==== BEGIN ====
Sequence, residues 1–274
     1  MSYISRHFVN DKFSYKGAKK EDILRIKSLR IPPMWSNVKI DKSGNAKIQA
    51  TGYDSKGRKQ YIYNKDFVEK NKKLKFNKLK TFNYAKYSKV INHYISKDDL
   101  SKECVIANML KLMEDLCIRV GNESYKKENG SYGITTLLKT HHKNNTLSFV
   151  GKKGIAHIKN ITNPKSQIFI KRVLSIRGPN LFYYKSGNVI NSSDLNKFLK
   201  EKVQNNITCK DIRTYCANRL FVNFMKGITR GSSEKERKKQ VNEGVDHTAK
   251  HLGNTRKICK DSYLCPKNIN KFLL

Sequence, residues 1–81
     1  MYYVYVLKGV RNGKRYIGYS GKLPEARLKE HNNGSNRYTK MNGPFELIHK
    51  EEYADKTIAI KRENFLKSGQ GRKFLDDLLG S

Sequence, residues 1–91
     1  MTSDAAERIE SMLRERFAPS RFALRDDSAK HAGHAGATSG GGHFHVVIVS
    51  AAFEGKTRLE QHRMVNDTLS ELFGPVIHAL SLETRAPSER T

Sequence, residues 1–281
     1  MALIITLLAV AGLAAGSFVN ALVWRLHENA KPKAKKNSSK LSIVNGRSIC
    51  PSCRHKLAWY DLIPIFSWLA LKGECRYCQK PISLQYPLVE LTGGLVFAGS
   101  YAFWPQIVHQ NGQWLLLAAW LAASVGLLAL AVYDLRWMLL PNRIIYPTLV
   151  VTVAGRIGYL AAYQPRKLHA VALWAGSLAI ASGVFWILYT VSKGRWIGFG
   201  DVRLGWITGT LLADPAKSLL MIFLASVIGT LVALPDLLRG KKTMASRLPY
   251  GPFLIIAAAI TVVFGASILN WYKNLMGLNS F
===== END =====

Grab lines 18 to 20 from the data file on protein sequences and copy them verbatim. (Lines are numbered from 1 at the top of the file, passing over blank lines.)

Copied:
   151  VTVAGRIGYL AAYQPRKLHA VALWAGSLAI ASGVFWILYT VSKGRWIGFG
   201  DVRLGWITGT LLADPAKSLL MIFLASVIGT LVALPDLLRG KKTMASRLPY
   251  GPFLIIAAAI TVVFGASILN WYKNLMGLNS F